The View from Writers Roost
Jun 26, 2014 | 1303 views | 0 0 comments | 3 3 recommendations | email to a friend | print
AS ONE might expect, teenagers in a small Texas town in the 1950s had to hunt for excitement and sometimes that was often spelled t-r-o-u-b-l-e.

Left to their own designs, with no real entertainment available, teenage boys can create a whole mess of trouble.

Now remember this was more than 60 years ago, a more innocent time. None of this would fly today.

At that time, most small town area farmers, although many wouldn’t admit it, counted on a group of teenage boys stealing at least one watermelon from them every summer. And, if a young teenage boy thought he had “stolen” a melon and gotten away with it, then he was a B.M.O.C. (Big Man On Campus).

The way it worked was several teenaged boys would get together on a summer Saturday night, pretending that they’re going to meet several teenaged girls who will just swoon at the thought of going out with these hometown heroes.

THE BELIEF being that thought/statement, punctuated with just the right swagger, will convince others that the proposer of such an adventure will be looked upon as “way cool.” But, the ‘gang’ knows it will not happen because none of these brave swaggering souls will muster enough courage, nor deodorant, to pop the question, so they have to come up with something to instill and justify the swagger.

So, if plans “go awry” in the chick department, there’s always a swagger-inducing trip to some farmer’s field to steal a watermelon. Not romantic, just daring, although there were some guys who thought it was “tough” to brag to “chicks” about swiping the melons from that “dumb farmer.”

Pretty soon, however, there wasn’t any glamour left in such a statement, so they sought excitement another way.

AHA! We’ll find a younger guy, preferably one who’s been begging to go on a watermelon “raid,” and announce he can qualify for “membership” by participating in the field raid. But, he must be the one to pick up the biggest melon and get out of the field safely without awakening Farmer Jones in order to be a member in the “coolest group” in town.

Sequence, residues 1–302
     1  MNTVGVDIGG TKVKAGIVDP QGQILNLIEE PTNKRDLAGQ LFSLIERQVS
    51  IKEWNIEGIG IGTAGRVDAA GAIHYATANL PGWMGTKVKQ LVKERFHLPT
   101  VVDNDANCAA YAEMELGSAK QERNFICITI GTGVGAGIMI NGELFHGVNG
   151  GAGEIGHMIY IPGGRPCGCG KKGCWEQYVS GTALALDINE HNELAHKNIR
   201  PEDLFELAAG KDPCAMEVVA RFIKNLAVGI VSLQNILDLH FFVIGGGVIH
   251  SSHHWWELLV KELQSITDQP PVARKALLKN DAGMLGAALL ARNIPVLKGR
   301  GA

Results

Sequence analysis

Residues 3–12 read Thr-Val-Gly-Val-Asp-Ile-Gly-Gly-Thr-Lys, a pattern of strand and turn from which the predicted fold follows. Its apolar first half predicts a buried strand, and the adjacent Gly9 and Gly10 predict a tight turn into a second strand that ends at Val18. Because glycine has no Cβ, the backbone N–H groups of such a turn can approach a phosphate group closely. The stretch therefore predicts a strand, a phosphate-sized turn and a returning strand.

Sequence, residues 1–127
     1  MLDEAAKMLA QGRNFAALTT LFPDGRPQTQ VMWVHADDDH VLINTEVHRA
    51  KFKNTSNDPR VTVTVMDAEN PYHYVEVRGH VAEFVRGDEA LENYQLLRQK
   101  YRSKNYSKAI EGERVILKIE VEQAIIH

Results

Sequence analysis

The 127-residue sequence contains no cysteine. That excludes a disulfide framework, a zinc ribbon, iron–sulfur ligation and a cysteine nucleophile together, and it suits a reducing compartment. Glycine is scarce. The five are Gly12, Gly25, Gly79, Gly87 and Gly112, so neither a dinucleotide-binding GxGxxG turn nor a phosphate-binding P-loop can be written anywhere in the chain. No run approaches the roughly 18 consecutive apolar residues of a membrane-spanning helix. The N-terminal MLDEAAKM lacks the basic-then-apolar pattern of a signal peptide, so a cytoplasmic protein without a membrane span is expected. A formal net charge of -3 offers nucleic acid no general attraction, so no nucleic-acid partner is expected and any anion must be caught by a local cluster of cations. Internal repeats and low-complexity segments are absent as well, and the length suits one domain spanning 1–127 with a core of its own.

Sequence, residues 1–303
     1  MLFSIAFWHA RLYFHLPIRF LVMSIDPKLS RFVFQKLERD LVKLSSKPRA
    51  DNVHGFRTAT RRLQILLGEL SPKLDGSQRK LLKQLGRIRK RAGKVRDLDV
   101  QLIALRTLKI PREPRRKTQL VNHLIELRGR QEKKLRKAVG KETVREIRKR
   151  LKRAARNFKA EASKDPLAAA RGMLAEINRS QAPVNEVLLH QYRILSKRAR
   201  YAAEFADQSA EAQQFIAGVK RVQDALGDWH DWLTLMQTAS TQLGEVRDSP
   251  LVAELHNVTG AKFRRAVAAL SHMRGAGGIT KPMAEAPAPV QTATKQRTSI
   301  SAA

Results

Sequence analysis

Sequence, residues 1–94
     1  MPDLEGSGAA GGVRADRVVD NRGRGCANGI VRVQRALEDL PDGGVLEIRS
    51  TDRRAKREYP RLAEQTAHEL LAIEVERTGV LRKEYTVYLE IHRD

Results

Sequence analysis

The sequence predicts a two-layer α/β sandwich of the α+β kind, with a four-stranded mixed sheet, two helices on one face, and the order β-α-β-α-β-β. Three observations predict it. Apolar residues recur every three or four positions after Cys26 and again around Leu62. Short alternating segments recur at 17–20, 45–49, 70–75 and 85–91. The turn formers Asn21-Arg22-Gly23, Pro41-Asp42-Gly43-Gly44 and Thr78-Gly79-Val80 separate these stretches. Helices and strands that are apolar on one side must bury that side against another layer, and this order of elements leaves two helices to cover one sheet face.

Naturally, one “gang” member had to be able to convince the youngster, with a straight face, that he had to steal the melon in order to qualify. Usually, some younger, nerdy kid who desperately sought to run with the coolest guys was chosen as the victim.

“Watermelon stunt” was set up with all but one of the group convincing the “victim” to accompany them to the field. And, eager beavers were plentiful. The “hang back” guy was to be Farmer Brown in the field, armed with Dad’s 12-gauge shotgun, loaded with birdshot, just in case of an errant aim, to minimize damage.

About the time the “victim” had scooped up a 50-pound melon, “Farmer Brown” was to rear up across the field and yell, “So, you’re the little so-and-so’s who’ve been stealing my melons,” and fire the loud shotgun in the air.

OF COURSE, the melon was dropped and everyone beat a hasty retreat to the car and back to town where it was revealed that it was all indeed just a trick to scare the pants off the “new recruit.” Usually, the victims were good sports and laughed as they were welcomed into the inner sanctum.

Once the trick was played on “Goose,” the toughest guy on the football team. He laughed when it was all over but wanted to pull it on a “sucker” from a nearby town.

“Sucker” had a jeep with a canvas top and, as he rejected the “offer” because he knew it was a trick, he leaned out of the jeep and laughed. Goose took great offense, took the shotgun and peppered the canvas top. Several birdshot pellets embedded right behind the victim’s ear, not causing any life-threatening injury but the local constabulary convinced Goose his best choice was to join the Air Force, which he did.

Then he straightened out his life, played college football, got married, was a good family man and enjoyed a good life.

Willis Webb is a retired community newspaper editor-publisher of more than 50 years experience. He can be reached by email at
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